Go to AfricaBib home

Go to AfricaBib home AfricaBib Go to database home

bibliographic database
Previous page New search

The free AfricaBib App for Android is available here

Periodical article Periodical article Leiden University catalogue Leiden University catalogue WorldCat catalogue WorldCat
Title:Subaltern Reactions: Lumpens, Students, and the Left
Author:Rashid, Ishmail
Periodical:Africa Development: A Quarterly Journal of CODESRIA (ISSN 0850-3907)
Notes:biblio. refs.
Geographic terms:Sierra Leone
West Africa
Politics and Government
Education and Oral Traditions
Social groups
Political crisis
political ideologies
External link:https://www.jstor.org/stable/43658003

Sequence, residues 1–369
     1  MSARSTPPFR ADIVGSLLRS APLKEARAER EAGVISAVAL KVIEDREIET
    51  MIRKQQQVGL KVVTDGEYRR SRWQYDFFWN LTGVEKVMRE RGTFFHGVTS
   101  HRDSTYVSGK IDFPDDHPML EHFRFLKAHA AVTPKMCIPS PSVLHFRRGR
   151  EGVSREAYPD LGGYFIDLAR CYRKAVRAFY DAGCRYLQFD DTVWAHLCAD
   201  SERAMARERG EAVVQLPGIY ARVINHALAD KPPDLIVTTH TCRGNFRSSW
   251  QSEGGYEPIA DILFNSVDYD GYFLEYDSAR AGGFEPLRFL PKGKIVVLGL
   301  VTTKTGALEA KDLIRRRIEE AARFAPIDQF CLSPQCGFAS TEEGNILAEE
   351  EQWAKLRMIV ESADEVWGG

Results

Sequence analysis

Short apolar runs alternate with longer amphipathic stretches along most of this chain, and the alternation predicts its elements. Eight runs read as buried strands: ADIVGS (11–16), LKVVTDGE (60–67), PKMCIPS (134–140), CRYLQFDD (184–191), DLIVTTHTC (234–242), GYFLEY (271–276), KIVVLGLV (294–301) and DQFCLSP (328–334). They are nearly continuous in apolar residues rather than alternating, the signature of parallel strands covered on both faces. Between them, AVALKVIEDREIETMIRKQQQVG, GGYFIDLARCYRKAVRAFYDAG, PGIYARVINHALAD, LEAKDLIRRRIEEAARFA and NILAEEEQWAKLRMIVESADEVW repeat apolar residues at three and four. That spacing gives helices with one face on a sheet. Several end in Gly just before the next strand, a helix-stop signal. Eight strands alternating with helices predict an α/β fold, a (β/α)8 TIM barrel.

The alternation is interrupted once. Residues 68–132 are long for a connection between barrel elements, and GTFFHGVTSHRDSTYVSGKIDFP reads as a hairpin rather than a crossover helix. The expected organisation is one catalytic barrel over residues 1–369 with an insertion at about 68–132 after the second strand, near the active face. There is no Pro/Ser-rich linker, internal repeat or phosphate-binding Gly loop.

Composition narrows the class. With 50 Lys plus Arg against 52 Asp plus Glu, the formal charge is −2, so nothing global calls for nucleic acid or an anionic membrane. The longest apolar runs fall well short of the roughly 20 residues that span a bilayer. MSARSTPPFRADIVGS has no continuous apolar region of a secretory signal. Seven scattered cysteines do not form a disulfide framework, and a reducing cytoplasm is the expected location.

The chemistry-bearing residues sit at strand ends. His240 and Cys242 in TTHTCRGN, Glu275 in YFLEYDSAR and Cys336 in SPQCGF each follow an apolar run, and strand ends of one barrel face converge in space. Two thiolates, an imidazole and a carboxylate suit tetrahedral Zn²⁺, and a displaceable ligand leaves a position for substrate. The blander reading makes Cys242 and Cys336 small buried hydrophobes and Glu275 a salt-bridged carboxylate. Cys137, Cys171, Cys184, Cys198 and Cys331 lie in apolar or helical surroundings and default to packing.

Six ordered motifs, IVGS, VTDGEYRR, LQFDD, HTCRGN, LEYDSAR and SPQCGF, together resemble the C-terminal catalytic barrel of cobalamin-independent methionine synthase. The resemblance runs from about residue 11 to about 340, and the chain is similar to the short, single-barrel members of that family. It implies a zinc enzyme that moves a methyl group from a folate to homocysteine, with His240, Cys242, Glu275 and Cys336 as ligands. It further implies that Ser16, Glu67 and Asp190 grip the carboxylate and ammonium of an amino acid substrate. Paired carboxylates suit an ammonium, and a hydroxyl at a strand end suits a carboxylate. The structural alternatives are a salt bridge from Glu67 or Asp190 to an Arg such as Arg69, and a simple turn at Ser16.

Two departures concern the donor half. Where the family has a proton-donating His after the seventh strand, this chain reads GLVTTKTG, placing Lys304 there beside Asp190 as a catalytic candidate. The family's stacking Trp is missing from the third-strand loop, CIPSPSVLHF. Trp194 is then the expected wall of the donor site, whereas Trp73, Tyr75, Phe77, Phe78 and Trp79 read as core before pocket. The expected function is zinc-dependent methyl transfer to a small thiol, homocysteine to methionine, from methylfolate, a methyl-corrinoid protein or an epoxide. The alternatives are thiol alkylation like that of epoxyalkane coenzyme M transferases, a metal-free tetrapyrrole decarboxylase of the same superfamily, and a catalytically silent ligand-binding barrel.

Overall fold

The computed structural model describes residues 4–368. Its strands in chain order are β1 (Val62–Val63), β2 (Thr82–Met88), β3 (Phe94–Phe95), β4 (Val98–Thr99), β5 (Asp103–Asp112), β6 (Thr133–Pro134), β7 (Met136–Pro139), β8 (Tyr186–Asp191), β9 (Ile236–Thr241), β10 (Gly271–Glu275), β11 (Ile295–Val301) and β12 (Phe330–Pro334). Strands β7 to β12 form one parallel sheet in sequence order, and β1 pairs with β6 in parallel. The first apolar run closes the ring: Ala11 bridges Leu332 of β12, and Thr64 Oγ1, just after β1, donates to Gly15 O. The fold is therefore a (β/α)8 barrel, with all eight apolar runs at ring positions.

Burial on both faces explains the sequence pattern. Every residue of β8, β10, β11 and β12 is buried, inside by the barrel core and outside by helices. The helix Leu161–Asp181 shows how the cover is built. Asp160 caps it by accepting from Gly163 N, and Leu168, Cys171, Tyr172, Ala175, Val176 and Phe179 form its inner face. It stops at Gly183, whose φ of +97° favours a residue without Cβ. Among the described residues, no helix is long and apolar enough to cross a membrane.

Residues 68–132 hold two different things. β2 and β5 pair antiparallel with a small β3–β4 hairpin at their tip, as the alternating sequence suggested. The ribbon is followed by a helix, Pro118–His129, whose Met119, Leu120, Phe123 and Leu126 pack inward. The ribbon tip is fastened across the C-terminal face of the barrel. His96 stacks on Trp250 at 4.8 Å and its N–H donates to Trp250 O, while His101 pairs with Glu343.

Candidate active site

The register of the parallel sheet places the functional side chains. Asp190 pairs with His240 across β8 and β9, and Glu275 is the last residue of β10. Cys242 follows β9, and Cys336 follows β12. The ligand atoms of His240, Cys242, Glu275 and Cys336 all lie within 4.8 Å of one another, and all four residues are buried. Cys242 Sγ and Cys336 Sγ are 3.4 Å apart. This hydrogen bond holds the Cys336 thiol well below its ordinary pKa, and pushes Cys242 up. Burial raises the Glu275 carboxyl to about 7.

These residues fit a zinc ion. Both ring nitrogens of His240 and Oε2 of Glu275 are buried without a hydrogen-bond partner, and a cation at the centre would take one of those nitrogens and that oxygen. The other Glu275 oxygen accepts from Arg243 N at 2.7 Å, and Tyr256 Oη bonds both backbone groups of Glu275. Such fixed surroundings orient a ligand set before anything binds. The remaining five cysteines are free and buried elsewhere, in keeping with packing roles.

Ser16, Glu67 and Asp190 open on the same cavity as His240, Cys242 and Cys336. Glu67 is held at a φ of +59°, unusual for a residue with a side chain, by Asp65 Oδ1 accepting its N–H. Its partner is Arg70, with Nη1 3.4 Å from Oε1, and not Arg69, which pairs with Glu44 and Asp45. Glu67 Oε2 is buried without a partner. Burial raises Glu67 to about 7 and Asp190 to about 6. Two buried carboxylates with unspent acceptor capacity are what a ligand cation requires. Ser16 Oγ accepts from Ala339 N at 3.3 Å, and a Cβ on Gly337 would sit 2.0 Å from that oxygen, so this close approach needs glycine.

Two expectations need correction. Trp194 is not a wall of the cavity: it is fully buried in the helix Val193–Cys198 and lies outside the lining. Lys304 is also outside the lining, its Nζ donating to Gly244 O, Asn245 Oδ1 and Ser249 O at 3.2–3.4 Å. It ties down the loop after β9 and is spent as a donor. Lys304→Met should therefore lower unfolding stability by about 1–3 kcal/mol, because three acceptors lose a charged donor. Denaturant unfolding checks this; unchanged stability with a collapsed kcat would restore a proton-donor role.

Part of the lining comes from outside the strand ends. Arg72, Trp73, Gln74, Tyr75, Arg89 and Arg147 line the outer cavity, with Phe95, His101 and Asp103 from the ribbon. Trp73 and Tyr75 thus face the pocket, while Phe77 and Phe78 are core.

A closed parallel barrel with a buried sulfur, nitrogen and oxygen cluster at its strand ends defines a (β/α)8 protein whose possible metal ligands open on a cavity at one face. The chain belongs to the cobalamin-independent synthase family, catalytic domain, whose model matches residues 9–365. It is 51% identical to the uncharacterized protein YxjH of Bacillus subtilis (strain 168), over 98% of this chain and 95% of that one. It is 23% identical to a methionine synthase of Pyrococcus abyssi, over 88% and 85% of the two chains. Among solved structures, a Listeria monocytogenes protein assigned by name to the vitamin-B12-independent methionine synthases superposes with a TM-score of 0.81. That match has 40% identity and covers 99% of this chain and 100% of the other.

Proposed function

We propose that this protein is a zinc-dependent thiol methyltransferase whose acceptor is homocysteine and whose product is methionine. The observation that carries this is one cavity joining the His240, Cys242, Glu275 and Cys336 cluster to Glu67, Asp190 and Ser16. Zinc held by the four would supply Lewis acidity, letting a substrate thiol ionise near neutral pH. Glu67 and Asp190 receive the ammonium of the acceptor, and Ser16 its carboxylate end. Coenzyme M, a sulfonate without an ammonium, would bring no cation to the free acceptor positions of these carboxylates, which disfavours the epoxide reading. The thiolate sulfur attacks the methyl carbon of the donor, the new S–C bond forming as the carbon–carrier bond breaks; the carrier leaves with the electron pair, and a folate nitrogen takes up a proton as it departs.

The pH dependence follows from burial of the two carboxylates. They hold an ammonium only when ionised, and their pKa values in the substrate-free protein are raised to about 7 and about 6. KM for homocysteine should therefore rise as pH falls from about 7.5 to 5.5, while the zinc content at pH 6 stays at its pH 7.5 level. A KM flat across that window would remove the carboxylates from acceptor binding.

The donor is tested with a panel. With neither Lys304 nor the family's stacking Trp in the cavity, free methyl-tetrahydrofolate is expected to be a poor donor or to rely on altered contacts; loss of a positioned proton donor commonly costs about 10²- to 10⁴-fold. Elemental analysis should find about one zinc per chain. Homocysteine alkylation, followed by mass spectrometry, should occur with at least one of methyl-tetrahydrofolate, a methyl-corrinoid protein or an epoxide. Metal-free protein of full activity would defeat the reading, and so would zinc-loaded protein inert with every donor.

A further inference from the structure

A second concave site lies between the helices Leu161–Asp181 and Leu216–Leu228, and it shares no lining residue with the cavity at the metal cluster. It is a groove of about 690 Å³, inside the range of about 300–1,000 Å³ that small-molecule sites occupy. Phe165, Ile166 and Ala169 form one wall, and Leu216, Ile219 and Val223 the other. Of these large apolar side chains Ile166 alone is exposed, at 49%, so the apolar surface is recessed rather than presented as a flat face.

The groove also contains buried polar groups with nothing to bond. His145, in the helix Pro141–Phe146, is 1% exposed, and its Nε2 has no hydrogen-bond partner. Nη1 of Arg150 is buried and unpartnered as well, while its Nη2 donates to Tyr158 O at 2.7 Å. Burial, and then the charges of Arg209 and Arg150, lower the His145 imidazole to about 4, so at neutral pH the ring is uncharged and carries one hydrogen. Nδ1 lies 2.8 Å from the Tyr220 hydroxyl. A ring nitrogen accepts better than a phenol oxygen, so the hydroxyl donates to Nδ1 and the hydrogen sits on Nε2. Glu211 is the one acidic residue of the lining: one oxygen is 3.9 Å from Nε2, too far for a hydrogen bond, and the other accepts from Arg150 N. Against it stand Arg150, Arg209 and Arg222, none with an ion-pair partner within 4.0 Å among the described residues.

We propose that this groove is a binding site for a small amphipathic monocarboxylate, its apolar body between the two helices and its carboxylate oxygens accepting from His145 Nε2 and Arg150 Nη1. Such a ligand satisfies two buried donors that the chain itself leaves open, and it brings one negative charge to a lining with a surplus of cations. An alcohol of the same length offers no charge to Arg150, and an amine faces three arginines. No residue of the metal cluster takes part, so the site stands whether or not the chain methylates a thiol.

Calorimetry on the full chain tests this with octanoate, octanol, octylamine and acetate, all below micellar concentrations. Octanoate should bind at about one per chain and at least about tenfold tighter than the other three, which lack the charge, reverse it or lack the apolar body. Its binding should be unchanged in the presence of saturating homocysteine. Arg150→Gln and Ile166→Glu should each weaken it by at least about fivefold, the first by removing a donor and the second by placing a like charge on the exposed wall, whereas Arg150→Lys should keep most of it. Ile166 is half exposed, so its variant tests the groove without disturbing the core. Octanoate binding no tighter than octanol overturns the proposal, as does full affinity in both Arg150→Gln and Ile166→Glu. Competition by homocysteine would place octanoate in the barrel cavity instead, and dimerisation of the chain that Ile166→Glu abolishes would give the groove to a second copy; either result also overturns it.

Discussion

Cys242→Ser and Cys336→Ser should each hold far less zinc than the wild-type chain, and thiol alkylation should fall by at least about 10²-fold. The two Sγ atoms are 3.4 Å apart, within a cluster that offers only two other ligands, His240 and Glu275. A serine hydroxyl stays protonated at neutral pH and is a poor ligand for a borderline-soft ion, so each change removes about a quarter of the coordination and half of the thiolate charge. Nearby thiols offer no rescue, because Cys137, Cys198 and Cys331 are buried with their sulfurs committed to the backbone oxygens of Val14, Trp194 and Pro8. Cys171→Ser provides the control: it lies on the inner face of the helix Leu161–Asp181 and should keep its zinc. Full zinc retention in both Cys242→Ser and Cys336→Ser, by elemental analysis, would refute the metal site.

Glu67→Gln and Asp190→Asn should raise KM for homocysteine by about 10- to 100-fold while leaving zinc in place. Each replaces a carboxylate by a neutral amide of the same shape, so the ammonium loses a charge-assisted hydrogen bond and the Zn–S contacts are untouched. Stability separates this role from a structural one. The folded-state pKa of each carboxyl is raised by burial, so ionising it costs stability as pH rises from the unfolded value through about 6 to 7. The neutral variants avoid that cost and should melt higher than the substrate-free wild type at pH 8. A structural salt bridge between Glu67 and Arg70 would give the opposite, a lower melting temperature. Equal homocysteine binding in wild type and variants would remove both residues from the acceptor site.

Abstract:As the State in Sierra Leone repressed dissent in the mid-1970s, students and 'lumpen youths' took the leading role in challenging its legitimacy. This article focuses on the political activities of Fourah Bay College students and Freetown's 'lumpen youth' between 1977 and 1992. Their actions provoked reform and eventually a military coup, which was dubbed a 'revolution', in 1991-1992. The weakening of the APC (All Peoples Congress) regime by the persistent economic crisis and the ongoing corruption within the administration created the opportunity for a section of the student and lumpen youth to become a 'ruling group'. On 29 April 1992, a group of young unpaid soldiers toppled the Momoh regime and instituted the National Provisional Ruling Council (NPRC), a regime of largely twenty-year-olds under the leadership of Captain Valentine Strasser. But the alliance between the NPRC, radical students and other youths lasted only briefly. The NPRC continued fighting the RUF (Revolutionary United Front), which had its roots in the same militant youth culture, and eventually became mired in the corruption that it avowed to curtail. If the empowerment of the NPRC and the RUF failed to bear positive fruits, it was because their political culture had little time to develop beyond its anti-establishment content. Bibliogr., notes, ref.